Archive for February, 2014

Presha J – Throw it in the Air (Smylee Remix)

The original may be a little bit easier to understand, but this one is fun too.


Franz Joseph Haydn – Symphony No. 104 (Performed by Bernard Haitink and the Vienna Philharmonic)

Probably Haydn’s most famous symphony, I played this last spring with one of the youth orchestras I was in. For our upcoming concert, the orchestra here is playing it. While I am not playing in this piece in particular on that concert, I was asked (and accepted) to substitute for the second horn player on Wednesday, who had other plans. Haydn still isn’t my favorite composer (to repetitive much of the time), but the piece has its moments (like the low A to open the fourth movement).

Brandon Heath – Wait and See

“For I know the plans I have for you, declares the Lord, plans for welfare and not for evil, to give you a future and a hope.”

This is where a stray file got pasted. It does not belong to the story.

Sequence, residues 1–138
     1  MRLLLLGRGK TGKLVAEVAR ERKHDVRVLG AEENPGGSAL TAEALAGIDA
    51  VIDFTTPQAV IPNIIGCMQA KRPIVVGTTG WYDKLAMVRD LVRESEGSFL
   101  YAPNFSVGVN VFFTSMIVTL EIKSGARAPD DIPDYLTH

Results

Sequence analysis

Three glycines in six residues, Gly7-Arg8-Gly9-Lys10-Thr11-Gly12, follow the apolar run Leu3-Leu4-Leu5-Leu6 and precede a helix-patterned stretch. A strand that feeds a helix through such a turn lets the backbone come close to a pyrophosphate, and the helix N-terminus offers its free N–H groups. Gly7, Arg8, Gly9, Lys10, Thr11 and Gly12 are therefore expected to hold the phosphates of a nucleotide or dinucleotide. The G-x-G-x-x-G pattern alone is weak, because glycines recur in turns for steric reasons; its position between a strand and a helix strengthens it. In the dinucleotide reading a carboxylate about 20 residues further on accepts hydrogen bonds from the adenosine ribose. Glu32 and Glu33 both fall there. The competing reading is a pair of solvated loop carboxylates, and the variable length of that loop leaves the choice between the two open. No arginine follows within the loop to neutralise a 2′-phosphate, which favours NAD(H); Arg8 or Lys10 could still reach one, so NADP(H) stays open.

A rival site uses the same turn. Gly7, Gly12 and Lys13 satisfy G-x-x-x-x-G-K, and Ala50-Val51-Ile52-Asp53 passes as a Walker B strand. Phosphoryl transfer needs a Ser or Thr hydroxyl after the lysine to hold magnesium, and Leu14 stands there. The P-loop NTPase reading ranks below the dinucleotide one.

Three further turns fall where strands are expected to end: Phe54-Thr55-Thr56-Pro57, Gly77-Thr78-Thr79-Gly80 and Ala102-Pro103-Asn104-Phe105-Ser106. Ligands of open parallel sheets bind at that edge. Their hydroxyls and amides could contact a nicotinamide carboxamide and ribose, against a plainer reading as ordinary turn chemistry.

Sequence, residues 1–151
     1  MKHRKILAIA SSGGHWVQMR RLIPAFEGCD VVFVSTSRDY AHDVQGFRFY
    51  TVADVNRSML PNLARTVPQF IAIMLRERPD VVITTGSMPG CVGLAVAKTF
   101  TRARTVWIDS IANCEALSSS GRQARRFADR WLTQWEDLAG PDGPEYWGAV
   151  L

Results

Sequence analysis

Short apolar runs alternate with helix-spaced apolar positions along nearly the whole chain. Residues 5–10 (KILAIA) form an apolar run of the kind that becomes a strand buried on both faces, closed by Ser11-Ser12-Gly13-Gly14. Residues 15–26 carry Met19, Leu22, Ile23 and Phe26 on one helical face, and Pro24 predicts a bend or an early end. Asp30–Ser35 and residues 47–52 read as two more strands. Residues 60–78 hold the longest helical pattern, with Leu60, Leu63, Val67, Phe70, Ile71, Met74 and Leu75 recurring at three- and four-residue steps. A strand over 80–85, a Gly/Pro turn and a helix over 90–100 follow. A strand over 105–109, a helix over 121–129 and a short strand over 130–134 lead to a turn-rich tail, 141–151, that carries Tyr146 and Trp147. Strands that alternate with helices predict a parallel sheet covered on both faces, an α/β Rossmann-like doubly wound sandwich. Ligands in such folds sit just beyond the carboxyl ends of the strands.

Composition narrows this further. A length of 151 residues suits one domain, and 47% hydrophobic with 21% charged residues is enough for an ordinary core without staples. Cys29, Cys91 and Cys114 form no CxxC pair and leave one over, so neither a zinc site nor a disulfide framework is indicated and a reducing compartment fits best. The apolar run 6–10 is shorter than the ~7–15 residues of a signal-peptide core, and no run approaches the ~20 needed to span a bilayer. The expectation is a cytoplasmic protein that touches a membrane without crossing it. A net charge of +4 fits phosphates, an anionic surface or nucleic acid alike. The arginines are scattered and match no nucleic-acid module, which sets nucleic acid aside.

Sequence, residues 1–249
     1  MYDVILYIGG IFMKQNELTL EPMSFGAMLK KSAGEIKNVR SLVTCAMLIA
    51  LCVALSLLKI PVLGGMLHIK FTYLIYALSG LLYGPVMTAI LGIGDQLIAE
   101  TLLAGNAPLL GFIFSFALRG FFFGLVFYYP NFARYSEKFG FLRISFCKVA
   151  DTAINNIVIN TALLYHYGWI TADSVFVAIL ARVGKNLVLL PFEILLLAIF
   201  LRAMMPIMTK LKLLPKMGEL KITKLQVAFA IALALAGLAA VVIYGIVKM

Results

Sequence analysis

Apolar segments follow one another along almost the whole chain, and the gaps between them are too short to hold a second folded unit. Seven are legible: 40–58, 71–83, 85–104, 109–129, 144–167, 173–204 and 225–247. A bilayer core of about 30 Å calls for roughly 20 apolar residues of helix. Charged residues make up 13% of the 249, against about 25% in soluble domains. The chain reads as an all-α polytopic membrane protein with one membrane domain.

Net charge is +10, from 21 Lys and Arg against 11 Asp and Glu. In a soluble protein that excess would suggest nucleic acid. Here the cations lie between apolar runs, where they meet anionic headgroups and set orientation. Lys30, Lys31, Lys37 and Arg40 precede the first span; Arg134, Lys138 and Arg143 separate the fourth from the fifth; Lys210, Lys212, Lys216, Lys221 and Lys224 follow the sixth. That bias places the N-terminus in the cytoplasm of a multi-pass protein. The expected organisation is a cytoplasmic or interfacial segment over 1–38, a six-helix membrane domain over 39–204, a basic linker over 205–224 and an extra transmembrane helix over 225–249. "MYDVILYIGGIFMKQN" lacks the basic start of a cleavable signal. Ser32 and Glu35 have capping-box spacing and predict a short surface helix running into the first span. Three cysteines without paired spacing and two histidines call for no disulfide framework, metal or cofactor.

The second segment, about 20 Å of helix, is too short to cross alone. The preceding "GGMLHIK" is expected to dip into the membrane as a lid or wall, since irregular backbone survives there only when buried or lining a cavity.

-Jeremiah 29:11 (ESV)


Last week (the 17th) we had a guest speaker at Chi Alpha, Brett Fuller. Leading up to the night, I had heard most of the upperclassmen in the fellowship say something about how great he was going to be, but as with many experiences, it was all the more impressive to actually hear him speak. It is hard to pinpoint exactly what it was, from his voice to the Biblical references he made to his own personal stories he used to supplement his point, but he was very good at speaking to us. In the week since, I have been thinking a little about what makes a good orator, especially in the position of a Christian pastor or speaker. There are obviously several things that are important, but I determined that one that helps me understand things the most is the ability to put certain events or actions into context when their true weight might be overlooked.